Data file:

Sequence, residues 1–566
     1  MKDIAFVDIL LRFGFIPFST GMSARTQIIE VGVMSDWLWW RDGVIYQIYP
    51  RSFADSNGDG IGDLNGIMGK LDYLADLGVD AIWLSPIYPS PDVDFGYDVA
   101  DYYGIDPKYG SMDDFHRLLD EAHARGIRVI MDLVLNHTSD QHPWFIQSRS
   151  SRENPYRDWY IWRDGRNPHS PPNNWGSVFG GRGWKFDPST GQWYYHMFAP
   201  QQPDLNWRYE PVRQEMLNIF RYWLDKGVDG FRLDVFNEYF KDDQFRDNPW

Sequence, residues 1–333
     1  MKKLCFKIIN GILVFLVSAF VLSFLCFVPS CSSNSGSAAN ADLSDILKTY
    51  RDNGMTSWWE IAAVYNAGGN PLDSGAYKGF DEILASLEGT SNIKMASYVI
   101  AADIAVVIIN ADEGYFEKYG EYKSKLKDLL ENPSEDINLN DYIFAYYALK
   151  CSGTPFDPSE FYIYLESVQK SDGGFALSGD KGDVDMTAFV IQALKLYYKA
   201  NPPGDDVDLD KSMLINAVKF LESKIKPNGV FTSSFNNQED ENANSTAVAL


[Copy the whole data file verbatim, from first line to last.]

Sequence, residues 1–566
     1  MKDIAFVDIL LRFGFIPFST GMSARTQIIE VGVMSDWLWW RDGVIYQIYP
    51  RSFADSNGDG IGDLNGIMGK LDYLADLGVD AIWLSPIYPS PDVDFGYDVA
   101  DYYGIDPKYG SMDDFHRLLD EAHARGIRVI MDLVLNHTSD QHPWFIQSRS
   151  SRENPYRDWY IWRDGRNPHS PPNNWGSVFG GRGWKFDPST GQWYYHMFAP
   201  QQPDLNWRYE PVRQEMLNIF RYWLDKGVDG FRLDVFNEYF KDDQFRDNPW

Sequence, residues 1–333
     1  MKKLCFKIIN GILVFLVSAF VLSFLCFVPS CSSNSGSAAN ADLSDILKTY
    51  RDNGMTSWWE IAAVYNAGGN PLDSGAYKGF DEILASLEGT SNIKMASYVI
   101  AADIAVVIIN ADEGYFEKYG EYKSKLKDLL ENPSEDINLN DYIFAYYALK
   151  CSGTPFDPSE FYIYLESVQK SDGGFALSGD KGDVDMTAFV IQALKLYYKA
   201  NPPGDDVDLD KSMLINAVKF LESKIKPNGV FTSSFNNQED ENANSTAVAL